I decided that one of the most important tools for helping people to reduce their intake of toxic processed foods is to show how incredibly easy (and cost effective) it is to make your own!
All you need is the desire to improve your health, the knowledge that processed food IS detrimental to your health, and a really good, easy to follow recipe.. simples!
This is just one of those recipes, and I'll share more as my new site develops.
First of all let's establish why gluten free? It is purported by many catering establishments as being a 'fad' for fussy eaters if you're not actually Coeliac.
Thankfully most cafe's and restaurants are getting better at recognising the need to provide GF alternatives for the customers who need them.
For many people a GF meal means not suffering crippling physical GI symptoms afterwards. For others it's because they feel brighter and more energised without gluten in the diet. I am one of those people. Gluten won't kill non-coeliac's but it dulls the senses, fogs the brain and too much leads to headaches and overwhelming fatigue.
Why is it that a 'harmless' grain protein can cause so many problems?
It is my humble opinion that modern food processing methods don't give gluten the time it needs to be broken down sufficiently in the fermentation process. This results in a protein which is far more difficult to digest than it should be. It's sticks to the gut lining like chewing gum blocking nutrient absorption and causing inflammation.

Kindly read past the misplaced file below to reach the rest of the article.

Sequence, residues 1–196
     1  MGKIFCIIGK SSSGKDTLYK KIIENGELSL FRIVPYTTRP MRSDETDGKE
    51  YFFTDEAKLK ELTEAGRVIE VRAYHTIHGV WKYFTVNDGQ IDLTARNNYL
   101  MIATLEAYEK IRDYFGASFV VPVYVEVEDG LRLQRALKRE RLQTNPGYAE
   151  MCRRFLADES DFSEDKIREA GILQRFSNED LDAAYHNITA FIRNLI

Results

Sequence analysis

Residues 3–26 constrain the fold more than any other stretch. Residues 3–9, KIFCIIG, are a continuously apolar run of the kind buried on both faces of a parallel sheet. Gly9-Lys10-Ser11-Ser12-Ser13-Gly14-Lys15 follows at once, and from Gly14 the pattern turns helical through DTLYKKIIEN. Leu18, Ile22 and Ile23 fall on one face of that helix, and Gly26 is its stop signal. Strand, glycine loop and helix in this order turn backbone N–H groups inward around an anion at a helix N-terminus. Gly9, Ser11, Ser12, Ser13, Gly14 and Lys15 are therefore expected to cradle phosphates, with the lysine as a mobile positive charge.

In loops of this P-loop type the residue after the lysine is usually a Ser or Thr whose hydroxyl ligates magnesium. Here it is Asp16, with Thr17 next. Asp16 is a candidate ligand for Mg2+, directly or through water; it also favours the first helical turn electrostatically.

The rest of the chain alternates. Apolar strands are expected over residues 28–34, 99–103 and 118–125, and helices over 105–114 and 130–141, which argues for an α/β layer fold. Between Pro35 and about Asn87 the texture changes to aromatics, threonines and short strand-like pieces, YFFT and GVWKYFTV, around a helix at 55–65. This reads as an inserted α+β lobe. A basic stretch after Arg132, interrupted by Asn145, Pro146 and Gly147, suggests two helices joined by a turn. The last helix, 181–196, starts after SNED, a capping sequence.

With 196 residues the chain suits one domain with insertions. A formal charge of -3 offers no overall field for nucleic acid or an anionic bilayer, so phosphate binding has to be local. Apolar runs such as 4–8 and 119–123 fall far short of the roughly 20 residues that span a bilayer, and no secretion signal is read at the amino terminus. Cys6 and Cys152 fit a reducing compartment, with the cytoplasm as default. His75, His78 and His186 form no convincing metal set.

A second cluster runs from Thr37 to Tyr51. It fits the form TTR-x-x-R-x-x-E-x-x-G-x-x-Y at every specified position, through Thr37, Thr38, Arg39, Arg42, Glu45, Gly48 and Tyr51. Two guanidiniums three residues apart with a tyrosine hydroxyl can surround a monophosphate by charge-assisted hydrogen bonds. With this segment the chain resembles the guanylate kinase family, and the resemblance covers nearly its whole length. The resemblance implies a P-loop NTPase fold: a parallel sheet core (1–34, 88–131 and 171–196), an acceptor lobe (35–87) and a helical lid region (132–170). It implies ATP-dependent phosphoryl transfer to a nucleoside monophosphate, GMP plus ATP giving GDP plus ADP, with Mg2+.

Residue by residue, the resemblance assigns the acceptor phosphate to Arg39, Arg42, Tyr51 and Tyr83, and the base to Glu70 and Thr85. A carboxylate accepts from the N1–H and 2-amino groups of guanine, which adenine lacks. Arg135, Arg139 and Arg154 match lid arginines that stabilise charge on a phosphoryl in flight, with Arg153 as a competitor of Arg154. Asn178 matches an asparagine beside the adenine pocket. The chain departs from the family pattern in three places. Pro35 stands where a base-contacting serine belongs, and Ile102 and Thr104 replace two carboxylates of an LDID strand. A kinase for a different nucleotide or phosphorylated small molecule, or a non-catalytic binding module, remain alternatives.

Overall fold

This explains why sourdough bread is better for some gluten sensitive people. However, sourdough fermentation doesn't break gluten down completely and can still cause issues.
Many undiagnosed gluten sensitive people react on a neurological level and this can show up as psychiatric or behavioral issues, mood disorders, or “foggy brain” or cognitive and memory issues. It is suspected that gluten mediated inflammation can lead to a break down in the blood brain barrier which normally prevents toxins from entering the brain.
Another problem with modern grain is the use of pesticides such as glyphosate, and unless organic you are also consuming a chemical designed to kill living things.. think about that for a minute. Sure, if you only consume it once or twice the levels considered safe for human consumption by the foods standards agency probably won't be exceeded. BUT... how much bread, cereal, pasta and other wheat containing products do you consume over a lifetime? The effects of long term consumption has never been, and is never likely to be researched.
Before I move on to the recipe it's also worth mentioning that just because a food intolerance test doesn't bring up gluten as a trigger for symptoms, it doesn't mean you should continue to consume it. This is because if you have food intolerances (that is IgG anti-body mediated reactions to food), there is a very strong likelihood that you have what is called 'A Leaky Gut'; inflammation of the gut lining which leads to undigested particles of food, toxins and bacteria entering the blood. 'Leaky gut' is the first stage in developing auto-immune disease.
In order to heal the gut and prevent further health issues it's vital to cut out gluten because it increases levels of the protein Zonulin which prevents the gut from healing.